books.



But what about kidsbooks? I and others have approached a number of

juvenile

book publishers and agents and no takers. (Maybe you noticed I have not



done kidsbooks, that's why). Am not entirely sure why this is, probably

has to

do with publishers keeping costs down by using derivative art that

basically

rips some of us off. I was once on the verge of a big deal but the

publisher at that moment decided to concentrate on fiction works do to

changing

market forces.



Kids products and other licensing. A couple of agents repped my work

and

got nowhere. Again producers prefer to keep their costs down rather

than pay

significant up front fees or royalties.



I have been told by product representatives that art derivative of mine



seriously impairs my ability to get work, and that I need to do

something about

it. Which I am doing.



Exhibits. This remains an important source of income. But musuem and

science center exhibits managers chronically plead poverty (because

they

overdesign their exhibits relative to their budgets) and drive down

payments to below

acceptable levels. Because there are so many paleoartists willing to

work

for peanuts many are taking advantage of this situation. Also, there

just are

not that many paleoexhibits in production at a given time.



Dino docs. Because cable programming is marginally funded the producers



always plead poverty. Because of under cost competition -- some

derivative of

my work, some not -- I don't get that sort of work these days.



How about selling stuff on the web? Ha, ha, ha, ha. That's one of the

great

jokes of the digital era.



Someone was going on about how some paleoartists can charge lower

prices

because they are "more efficient." What a disconnect from reality and

plain

common sense. Doing dinosaur art is not following Moore's Law. Using

copiers

to quickly resize elements does help a little. But doing ORIGINAL

dinosaur

restorations is ALWAYS a long, tedious process that takes lots and lots

of

research including digging through often old and hard to get

publications and

travel. Using computers for rendering basic skeletons does not seem to

save

time (and I seem to catch more errors when using old analog methods,

and the

computer produced skeletons out there seem prone to low levesl of

fidelity).

I am as efficient as anyone when it comes to doing real paleoart. The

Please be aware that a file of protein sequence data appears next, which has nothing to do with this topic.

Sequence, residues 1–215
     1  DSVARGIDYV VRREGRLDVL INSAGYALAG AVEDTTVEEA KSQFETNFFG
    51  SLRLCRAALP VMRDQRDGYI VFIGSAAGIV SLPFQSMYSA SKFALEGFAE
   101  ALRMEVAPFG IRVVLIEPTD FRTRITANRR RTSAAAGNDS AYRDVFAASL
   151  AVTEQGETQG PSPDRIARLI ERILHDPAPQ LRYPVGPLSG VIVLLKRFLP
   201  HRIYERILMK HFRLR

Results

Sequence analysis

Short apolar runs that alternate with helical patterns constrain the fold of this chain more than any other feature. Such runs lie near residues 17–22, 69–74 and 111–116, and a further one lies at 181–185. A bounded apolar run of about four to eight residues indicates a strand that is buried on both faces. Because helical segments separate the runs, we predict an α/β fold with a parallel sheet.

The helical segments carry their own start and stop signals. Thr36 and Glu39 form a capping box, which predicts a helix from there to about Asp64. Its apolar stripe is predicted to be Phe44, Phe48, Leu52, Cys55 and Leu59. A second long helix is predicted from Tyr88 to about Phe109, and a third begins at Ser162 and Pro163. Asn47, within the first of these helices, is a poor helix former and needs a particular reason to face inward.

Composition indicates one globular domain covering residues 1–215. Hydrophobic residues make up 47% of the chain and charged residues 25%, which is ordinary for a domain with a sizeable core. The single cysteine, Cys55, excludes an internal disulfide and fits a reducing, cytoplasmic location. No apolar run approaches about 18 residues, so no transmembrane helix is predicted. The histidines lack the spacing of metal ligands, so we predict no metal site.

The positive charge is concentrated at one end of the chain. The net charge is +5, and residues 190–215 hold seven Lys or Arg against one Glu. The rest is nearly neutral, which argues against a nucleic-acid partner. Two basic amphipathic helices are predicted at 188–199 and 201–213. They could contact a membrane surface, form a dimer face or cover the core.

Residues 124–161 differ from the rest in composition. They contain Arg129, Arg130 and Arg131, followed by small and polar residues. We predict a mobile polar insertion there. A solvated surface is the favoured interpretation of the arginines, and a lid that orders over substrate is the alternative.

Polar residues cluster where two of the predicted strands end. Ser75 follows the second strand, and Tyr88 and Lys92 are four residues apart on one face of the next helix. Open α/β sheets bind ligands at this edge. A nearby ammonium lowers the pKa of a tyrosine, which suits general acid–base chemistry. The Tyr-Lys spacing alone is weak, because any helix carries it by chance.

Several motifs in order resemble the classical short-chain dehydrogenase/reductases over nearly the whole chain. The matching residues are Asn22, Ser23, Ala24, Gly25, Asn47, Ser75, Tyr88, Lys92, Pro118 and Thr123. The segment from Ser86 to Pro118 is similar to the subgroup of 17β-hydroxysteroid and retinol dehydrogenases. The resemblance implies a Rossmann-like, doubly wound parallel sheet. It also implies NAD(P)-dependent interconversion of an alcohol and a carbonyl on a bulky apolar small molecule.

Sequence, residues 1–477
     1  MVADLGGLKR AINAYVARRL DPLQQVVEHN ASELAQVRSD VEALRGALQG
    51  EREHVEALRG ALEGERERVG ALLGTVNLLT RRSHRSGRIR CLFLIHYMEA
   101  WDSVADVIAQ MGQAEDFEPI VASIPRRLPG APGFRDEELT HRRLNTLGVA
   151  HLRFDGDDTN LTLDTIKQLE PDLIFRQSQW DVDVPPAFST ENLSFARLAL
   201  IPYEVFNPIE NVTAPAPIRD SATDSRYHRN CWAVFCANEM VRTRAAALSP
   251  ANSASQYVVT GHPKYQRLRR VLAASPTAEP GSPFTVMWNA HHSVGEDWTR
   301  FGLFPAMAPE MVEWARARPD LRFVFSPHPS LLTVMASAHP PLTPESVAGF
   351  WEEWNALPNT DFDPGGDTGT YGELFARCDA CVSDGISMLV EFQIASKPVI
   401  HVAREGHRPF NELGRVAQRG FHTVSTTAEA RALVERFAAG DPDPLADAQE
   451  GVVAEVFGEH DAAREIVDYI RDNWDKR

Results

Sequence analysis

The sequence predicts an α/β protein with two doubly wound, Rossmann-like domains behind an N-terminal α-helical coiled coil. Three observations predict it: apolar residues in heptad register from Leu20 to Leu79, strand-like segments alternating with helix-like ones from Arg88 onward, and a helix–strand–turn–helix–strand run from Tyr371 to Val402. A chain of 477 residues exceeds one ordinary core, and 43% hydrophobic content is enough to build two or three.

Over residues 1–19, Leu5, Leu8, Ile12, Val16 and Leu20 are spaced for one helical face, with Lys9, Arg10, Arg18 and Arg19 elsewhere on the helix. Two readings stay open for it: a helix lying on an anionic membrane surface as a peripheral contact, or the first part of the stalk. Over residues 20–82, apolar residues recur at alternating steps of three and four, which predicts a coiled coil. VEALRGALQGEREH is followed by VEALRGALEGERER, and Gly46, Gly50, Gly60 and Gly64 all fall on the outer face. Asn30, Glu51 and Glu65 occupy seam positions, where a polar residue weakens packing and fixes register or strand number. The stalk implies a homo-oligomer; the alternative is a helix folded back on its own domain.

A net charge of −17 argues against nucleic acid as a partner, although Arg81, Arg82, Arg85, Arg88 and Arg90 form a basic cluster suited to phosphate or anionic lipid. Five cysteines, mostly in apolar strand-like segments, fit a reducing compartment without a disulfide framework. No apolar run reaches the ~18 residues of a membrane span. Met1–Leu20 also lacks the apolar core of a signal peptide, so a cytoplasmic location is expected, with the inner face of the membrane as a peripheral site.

one

way to seem to become more efficient in this specialty is to be

derivative

rather than original, and basically use the published work of others to

gain

an edge on those very artists.



And someone was giving us paleoartists wise and sage advice about how

perhaps we should understand that because there is so much competition

(much of

which is derivative) that we should accept it being mere part time work

that

we do on the side. Aside from making us into mere amateurs, if I did

that

then I could not have produced all those nice skeletal restorations so

many

seem to really like (and in some cases use for their paleoart that then



competes with mines).



Think about. Really, think it through.



To be blunt about it, if you are considering getting into paleoart,

think

about it twice, three, times and then four. The paleomarket will always

be

too small to sustain a large number of artists. Even so, I do think

that the

situation can be significantly improved if certain steps are taken.



These discussions on these lists, although far more extensive than I

thought they would be and perhaps tedious to those not involved in the

issue

(rather tedious to me for that matter), are very important to the field

of vert

paleo, and should have occurred long ago -- I have perhaps been tardy

in

waiting to bring up these issues. But one reason the discussion is

longer -- and

more vehment -- than it perhaps needs to be is because some who are not



familiar with the paleoart facts continue to feel obliged to lecture us



paleoartists, sometimes harshly -- about what we should to. Don't do

that. And if

you are going to debate me remember that I have long had contacts with

top

agents, attorneys etc, and of course I have little patience for

tendentious

arguments from those who lack sufficient knowledge to dispute the facts

that I

lay out. Treat me and others who have been in the bizz awhile with some



respect.



And never tell me, "but Greg, your work is so good, surely there is big



demand for it if you just get the right agent" or so forth. Have heard

that one

before.



G Paul